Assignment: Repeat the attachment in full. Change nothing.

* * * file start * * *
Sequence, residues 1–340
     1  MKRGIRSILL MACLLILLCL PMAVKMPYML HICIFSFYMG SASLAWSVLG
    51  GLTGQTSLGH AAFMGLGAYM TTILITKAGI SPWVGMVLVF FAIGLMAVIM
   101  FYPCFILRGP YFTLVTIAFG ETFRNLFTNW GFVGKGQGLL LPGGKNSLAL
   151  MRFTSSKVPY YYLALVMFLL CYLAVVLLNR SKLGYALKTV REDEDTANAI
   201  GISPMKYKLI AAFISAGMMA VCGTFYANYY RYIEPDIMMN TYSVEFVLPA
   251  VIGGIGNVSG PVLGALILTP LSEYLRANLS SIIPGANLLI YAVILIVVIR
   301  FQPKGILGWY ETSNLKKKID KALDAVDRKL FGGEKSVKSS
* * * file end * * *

Sequence, residues 1–340
     1  MKRGIRSILL MACLLILLCL PMAVKMPYML HICIFSFYMG SASLAWSVLG
    51  GLTGQTSLGH AAFMGLGAYM TTILITKAGI SPWVGMVLVF FAIGLMAVIM
   101  FYPCFILRGP YFTLVTIAFG ETFRNLFTNW GFVGKGQGLL LPGGKNSLAL
   151  MRFTSSKVPY YYLALVMFLL CYLAVVLLNR SKLGYALKTV REDEDTANAI
   201  GISPMKYKLI AAFISAGMMA VCGTFYANYY RYIEPDIMMN TYSVEFVLPA
   251  VIGGIGNVSG PVLGALILTP LSEYLRANLS SIIPGANLLI YAVILIVVIR
   301  FQPKGILGWY ETSNLKKKID KALDAVDRKL FGGEKSVKSS